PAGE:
Right back to me – this is a preemptive strike for when I add the Scanse Sweep to Hermione’s existing GPS.  However, that’s not going to happen until the Garmin LiDAR-Lite stops f’ing up the I2C (again), and I’ve tested all the varients of the GPS flight plan code.

Who broke my WAP?

In the previous post, I’d reported that a single hostpad now worked with both the RealTek and Broadcom drivers.  I’m sure I tested this otherwise I wouldn’t have said it, yet one day later, my WAP stopped working with both WiFi dongles; my iPad can not longer connect to Zoe.  Layer 2 MAC connection are working fine with either WiFi dongle, but Layer 3 IP connections no longer connect.  Until I’ve resolved this, all testing of the camera motion has stalled.

As a result blogging is likely to stall for a while, rather than me blogging frustrated swearing online!

Super duper WiFi dongles

I have a range of WiFi dongles I use with my various RPi projects, which I thought I’d share as my choices have evolved as my requirements got more refined.

First off is the Edimax Nano dongle – an absolute cracker – tiny, yet supports soft AP (WAP).  The only reason I moved on from here is the drone needs 360 degrees line of sight meaning I wanted a dongle with antenna to achieve better reach and signal strength.

That led me to these Edimax EW-7612UAn V2 dongles.  They support soft AP (WAP) although I didn’t have that requirement yet.  They worked great, until I realized that when in flight, even with the antenna, the signal would be poor due to its position on the drone blocking line of sight to the controller.  It also suffered during the couple of gravel crashes the drone took.  So I needed a detachable antenna that I could attach between the drones legs.

Which brought me to the EDUP range – my first purchase was the EP-MS150N.  A cracking dongle with a small body, small USB connector, 150m range and detatchable antenna allowing for a separate wired antenna.  Lovely jubbly – except they seemed to vanish from Amazon and ebay shortly after I found them (partly my fault), and they don’t support soft AP / WAP.  So when I came to setting up my test WAP, these didn’t work.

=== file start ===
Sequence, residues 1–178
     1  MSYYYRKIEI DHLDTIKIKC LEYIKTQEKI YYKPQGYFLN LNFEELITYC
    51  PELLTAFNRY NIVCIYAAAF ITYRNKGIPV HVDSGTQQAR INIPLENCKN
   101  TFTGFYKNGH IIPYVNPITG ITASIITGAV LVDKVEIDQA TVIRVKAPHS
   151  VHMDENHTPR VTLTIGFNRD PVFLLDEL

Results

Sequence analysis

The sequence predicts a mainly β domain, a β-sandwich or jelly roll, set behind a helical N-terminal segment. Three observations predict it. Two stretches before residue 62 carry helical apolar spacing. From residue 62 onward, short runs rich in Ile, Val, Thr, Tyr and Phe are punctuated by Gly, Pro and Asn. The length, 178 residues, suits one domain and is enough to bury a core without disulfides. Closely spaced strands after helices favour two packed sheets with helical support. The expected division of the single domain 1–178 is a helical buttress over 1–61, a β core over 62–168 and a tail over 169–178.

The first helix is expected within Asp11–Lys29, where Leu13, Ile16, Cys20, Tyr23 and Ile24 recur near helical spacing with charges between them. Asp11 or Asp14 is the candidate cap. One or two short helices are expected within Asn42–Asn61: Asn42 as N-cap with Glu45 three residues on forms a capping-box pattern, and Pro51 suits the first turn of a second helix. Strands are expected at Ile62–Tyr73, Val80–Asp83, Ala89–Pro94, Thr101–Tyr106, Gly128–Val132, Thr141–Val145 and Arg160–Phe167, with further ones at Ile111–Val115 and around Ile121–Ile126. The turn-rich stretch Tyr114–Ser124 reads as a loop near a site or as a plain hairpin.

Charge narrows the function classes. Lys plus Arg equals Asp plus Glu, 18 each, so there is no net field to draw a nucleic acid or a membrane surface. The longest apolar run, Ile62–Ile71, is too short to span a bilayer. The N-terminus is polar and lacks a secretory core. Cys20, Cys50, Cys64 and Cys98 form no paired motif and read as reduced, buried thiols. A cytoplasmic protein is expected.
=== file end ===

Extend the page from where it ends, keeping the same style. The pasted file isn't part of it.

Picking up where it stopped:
On the plus side that did lead me to the EDUP site and to the EP-MS15003 – a cracking dongle – like the MS150N but double the range and with soft AP support.  But unavailable outside of China / HongKong – shame.

Which finally led me to the EDUP EP-MS1537 – also 300m range, soft AP support, and available on ebay (from HongKong), so I ordered a couple and they’re on there way now  from China.

But I’m impatient, and liked the white colouring of the EP-MS15003, it’s smaller size and cropped USB plug, so carried on grubbing around on google and found these guys in Hong Kong stocking the EP-MS15003, and offering DHL delivery at a sensible price meaning delivery within a week rather than a month.  Sorted!

One week later, it’s arrived and installed and running the drone WAP like a dream.

P.S. All the above dongles use the Realtek chipset, so, where soft AP is supported, can be used as a WAP using these instructions if you need a bridge to the internet, or mine, if you want your WAP to be in a completely isolated secure network like I want for the drone.